This is confusing. You mean to say that the prime minister of Greece gambled with global markets and the euro in order to score domestic political points?

Yes. Although he won’t admit it of course, Papandreou apparently felt that a sudden “democracy” injection could reverse his collapsing personal political fortunes and re-confirm him as the master of the Greek political game. His unsuccessful efforts, and the chaos they engendered worldwide, triggered reports like this one in the European press.

What was the impact of the referendum gambit on Greece’s relations with Europe?

It was catastrophic, to say the least. Overnight, Greece’s “partners,” led by Germany and France, re-discovered that Athens had cooked the figures repeatedly and that Greece’s participation in the Eurozone was the result of poorly staged “diplomacy” on the part of those who wanted to see this southern European corner join the club for “political reasons.” Thus, the question of Greece leaving the common currency, and even the European “union” itself, immediately came to the fore, with both Chancellor Merkel and President Sarkozy declaring in public that Greece is now faced with the decision of whether it wishes to stay in the euro or not. Greece is no foreigner to existential crises buffeting its presence as an “equal partner” in Brussels, but never before did she experience such an open challenge to her membership in the “union” signed and sealed in 1979. In the days after the plebiscite brouhaha, talk of Greece’s ejection intensified beyond anything we’ve seen in the past -- and there are even reports claiming that banks across Europe are preparing contingency planning for “…what until now seemed only remotely possible: the withdrawal of Greece from the euro currency.”

Giving up on the referendum idea has not apparently resolved anything while causing much damage; so, what is to be done with domestic political confusion that continues to reign supreme?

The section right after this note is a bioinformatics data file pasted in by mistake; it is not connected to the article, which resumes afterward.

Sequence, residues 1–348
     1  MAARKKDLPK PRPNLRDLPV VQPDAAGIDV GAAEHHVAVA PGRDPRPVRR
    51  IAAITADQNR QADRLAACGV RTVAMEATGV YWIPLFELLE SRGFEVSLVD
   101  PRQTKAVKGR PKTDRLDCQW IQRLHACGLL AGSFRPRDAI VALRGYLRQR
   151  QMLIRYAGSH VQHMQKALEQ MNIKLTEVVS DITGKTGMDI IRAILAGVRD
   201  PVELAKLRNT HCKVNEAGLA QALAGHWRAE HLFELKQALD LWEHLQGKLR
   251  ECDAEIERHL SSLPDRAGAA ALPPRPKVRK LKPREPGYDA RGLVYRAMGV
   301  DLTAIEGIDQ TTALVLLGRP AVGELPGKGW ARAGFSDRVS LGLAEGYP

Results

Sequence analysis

The referendum was just the latest blackmail shot by Papandreou, who has utilized similar methods ever since he came to power in 2009 (local pundits have taken to calling him ‘the blackmail prime minister’). In the short term, the gambit forced ND to announce it is going to support the new 130 billion euro bailout agreement with the EU, which entails more, extremely harsh, austerity measures whose acceptance is a pre-condition set by Greece’s “partners” for releasing a pending bailout installment from a previous package, already overdue, and thus forestall a Greek “disorderly” default. Papandreou then indicated he was willing to abdicate in the face of upheaval inside his own Pasok party and rapidly growing popular discontent so that a “national salvation government” could be formed with the participation of the main opposition. At the same time though he forced a vote of confidence to his unraveling regime and did win the parliamentary ballot on November 5 with just the 153 votes of his own party. The main opposition reacted with a refusal to participate in any negotiations toward a coalition government as long as Papandreou remains at the helm. Right now, the “blackmail prime minister” continues maneuvering in an apparent effort to retain a defining degree of control over the evolving political play.